Mortgages have been the key to home ownership for most homewoners for over a hundred years. Originally mortgages would entail payments of interest only while the purchaser saved up the money to repay the principal amount borrowed to purchase the property. In earlier times, the purchaser(s) could not reside in the property until it was paid for – in full!
Later, the idea of blending principal and interest payments to both ease repayment of the debt, and to speed up possessory rights, became popular. For most of the last century, and onward into this one, a large number of mortgages use the system of blending principal and interest.
The early 1980s bought a recession that produced extremely high mortgage (interest) rates. In fact, bank rates in 1981 peaked at over 25%, the result was what was referred to by some as “jingle mail” – a sarcastic reference to homeowners putting the keys in an envelope and sending them back to the bank. Mortgage payments for some folks became untenable.
Lenders (investors) allowed mortgagors to pay interest only on their mortgages. From an investor’s perspective this was a great deal, their money passively earned a steady rate of income ad infinitum. Using the same strategy, secured lines of credit became very popular because they allowed the mortgagor to make interest only payments.
Later, lenders, mostly banks, came up with the idea of using HELOCs (Home Equity Lines of Credit). HELOCs secure all of your borrowing to the property, credit card, overdraft, line of credit, mortgage arrangements and so on – all secured by the home.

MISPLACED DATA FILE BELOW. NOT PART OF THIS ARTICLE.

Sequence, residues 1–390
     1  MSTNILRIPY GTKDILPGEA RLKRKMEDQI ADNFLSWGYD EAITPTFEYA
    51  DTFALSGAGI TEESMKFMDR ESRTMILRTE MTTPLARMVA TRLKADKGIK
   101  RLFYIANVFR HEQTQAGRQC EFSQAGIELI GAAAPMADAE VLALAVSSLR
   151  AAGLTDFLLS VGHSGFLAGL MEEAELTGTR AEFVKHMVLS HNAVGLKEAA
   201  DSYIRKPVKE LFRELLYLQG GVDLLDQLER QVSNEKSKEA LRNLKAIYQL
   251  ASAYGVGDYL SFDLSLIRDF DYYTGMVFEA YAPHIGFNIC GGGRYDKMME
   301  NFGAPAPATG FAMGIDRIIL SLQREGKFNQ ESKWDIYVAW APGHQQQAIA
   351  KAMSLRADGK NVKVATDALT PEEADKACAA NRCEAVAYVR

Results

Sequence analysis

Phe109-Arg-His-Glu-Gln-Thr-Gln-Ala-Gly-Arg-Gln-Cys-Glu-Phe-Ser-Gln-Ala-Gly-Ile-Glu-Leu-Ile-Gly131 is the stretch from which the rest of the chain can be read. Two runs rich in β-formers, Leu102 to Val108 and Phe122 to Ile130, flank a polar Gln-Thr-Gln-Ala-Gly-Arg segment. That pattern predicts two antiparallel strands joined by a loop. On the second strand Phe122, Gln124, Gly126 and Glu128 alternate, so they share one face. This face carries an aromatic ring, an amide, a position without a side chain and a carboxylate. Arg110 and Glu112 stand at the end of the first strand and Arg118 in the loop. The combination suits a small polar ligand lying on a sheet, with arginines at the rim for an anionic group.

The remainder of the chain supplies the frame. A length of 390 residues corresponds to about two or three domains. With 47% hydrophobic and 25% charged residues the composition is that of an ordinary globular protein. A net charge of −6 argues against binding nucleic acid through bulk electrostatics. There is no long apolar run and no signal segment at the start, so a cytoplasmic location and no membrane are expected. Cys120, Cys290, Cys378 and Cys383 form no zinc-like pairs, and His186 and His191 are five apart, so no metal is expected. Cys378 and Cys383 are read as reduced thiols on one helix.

The upside of a HELOC (and the often used sales pitch) is that you get a reduced rate of interest for allowing the bank to be fully secured to your home. The downside should be obvious if you can’t pay your bills your forfeit the home. Another downside is restrictions on borrowing, you would have extreme difficulty getting a second mortgage from any other lender and there will be caps on how much you can borrow (to preserve the bank’s security).
Some people have, surprisingly, been borrowing money to fund their mortgage payments, for instance adding $20,000 to the mortgage amount in order to make the payments to the Mortgagee. This strategy has become popular as house prices exploded in recent years, due in part to low interest rates. For the investor, they get to lend more money, generating more interest over a longer term, and they can be sure the mortgagor will make payments on time for the next couple of years.
One should think very carefully about the benefits of home ownership. Mortgage payments are only one cost of buying a home. Other costs include property taxes (averaging about $3,500 per year), insurance, and of course maintenance costs, which one pundit estimated would run as much as 3% of the value of the property each year. That calculation would amount to about $20,000 per year, which seems quite high to me – especially in the current housing bubble. If properties were priced in line with their real value, which would be about half of current pricing that would seem about right. Homeowner insurance is much higher than renters’ insurance.